Better control of blood sugar for diabetics with two-in-one injection

Better control of blood sugar for diabetics with two-in-one injection
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An experimental two-in-one insulin injection has been created to help diabetics gain better control of their blood sugar.

The injection, developed by researchers at Stanford University to boost the effectiveness of insulin injections, is a combination of insulin and a second hormone, amylin, and works by mimicking the functions of the human body. The development will help people with diabetes to gain better control of their blood sugar.

Amylin plays a synergistic role with insulin to control blood sugar levels after eating in a way that is more effective than insulin alone, and mimics what occurs naturally with a meal.

The paper has been published in Nature Biomedical Engineering.

Developing a new technique

The amylin drug is already available for use however, less than 1% of diabetics use this combination therapy as the two hormones are too unstable to co-exist in the same syringe. Now, the researchers have developed a new technique that involves a protective coating wrapping around insulin and amylin molecules which allows them to co-exist in the syringe.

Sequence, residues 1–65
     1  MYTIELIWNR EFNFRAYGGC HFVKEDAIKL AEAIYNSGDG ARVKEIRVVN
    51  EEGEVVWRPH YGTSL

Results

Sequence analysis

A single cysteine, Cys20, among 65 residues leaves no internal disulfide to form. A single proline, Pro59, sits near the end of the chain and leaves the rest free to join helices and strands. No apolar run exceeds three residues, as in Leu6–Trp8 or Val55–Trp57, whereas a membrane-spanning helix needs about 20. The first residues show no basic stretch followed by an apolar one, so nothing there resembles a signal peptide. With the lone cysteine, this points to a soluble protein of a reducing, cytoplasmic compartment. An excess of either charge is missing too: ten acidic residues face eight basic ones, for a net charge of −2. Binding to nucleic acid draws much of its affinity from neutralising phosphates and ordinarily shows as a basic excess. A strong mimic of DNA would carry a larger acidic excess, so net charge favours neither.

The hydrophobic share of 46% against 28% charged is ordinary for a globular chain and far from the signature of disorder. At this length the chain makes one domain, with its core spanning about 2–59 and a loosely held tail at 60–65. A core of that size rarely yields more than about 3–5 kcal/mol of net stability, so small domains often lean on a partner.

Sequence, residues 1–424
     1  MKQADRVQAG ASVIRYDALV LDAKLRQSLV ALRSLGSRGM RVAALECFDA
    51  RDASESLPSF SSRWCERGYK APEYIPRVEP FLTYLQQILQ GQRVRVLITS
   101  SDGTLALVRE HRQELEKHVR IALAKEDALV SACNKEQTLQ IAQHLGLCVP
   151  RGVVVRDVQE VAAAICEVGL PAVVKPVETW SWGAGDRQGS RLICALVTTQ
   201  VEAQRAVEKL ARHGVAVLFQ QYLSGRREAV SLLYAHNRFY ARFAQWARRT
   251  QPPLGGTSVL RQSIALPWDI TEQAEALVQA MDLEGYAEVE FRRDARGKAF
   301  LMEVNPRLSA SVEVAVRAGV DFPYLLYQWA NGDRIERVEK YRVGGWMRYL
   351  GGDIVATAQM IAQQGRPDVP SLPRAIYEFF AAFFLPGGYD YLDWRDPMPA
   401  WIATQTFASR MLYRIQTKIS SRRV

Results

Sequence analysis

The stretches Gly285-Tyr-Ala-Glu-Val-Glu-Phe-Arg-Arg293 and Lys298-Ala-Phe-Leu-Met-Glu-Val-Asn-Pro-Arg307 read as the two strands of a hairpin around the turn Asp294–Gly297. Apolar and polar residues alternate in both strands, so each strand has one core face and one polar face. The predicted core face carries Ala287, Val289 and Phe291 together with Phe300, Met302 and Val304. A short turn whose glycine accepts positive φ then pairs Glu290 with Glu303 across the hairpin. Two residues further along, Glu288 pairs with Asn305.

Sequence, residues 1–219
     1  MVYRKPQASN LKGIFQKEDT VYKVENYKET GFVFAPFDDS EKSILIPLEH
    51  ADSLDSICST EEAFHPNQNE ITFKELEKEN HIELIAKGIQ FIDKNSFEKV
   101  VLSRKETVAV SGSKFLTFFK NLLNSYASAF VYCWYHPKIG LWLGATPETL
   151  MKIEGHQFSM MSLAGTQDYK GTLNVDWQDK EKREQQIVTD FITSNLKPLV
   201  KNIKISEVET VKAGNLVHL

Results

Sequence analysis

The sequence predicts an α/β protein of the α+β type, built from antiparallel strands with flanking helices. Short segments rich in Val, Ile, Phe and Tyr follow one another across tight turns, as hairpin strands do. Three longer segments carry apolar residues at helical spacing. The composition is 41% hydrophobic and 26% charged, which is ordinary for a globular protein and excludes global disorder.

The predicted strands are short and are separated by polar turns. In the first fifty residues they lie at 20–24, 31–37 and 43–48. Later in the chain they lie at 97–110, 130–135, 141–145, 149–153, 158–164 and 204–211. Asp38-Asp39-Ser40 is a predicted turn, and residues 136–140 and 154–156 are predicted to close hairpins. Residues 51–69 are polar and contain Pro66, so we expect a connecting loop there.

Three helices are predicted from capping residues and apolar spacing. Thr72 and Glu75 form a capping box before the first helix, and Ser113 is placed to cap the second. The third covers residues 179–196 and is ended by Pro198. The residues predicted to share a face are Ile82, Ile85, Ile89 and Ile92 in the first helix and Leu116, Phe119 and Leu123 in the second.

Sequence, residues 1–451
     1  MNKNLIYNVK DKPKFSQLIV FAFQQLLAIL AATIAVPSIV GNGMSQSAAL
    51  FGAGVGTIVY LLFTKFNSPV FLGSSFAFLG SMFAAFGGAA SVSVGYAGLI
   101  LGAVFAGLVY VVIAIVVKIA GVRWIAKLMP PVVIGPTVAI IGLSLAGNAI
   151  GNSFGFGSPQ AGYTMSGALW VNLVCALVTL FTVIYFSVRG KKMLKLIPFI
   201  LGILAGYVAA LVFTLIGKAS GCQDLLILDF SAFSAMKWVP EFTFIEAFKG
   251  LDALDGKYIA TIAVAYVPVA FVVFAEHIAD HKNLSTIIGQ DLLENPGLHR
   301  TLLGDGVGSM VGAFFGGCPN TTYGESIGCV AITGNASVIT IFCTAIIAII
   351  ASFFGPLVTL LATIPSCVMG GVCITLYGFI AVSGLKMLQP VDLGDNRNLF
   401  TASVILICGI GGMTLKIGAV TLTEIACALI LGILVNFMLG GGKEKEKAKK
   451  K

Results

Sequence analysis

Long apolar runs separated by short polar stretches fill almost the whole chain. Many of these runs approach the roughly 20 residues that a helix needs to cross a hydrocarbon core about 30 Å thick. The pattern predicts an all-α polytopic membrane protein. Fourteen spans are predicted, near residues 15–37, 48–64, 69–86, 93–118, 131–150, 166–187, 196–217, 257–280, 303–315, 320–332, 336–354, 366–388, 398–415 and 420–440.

Appel, senior author of the research paper, said: “Taking that second injection with the insulin shot is a real barrier for most diabetic patients. Our formulation would allow them to be given together in a single injection or in an insulin pump.

“This coating dissolves in the bloodstream, enabling these two important hormones to work together in a way that mimics how they function in healthy individuals.”

Molecular wrapper

To make it possible to pair insulin and amylin in one syringe, the researchers developed a molecular wrapper made of polyethylene glycol, or PEG, a common nontoxic chemical used in everything from cosmetics to laxatives.

The Stanford team used a new type of PEG that has a sort of molecular Velcro on the end, called cucurbituril-PEG or CB-PEG. The Velcro-like abilities of CB-PEG enable it to reversibly bind to both insulin and amylin separately, shielding the unstable portions of each molecule from breakdown. Once injected into the body, however, the drugs unbind from the CB-PEG and are free to act unhindered.

“We’re excited about the results to say the least,” Appel said. Appel has already filed for a patent on the technology.

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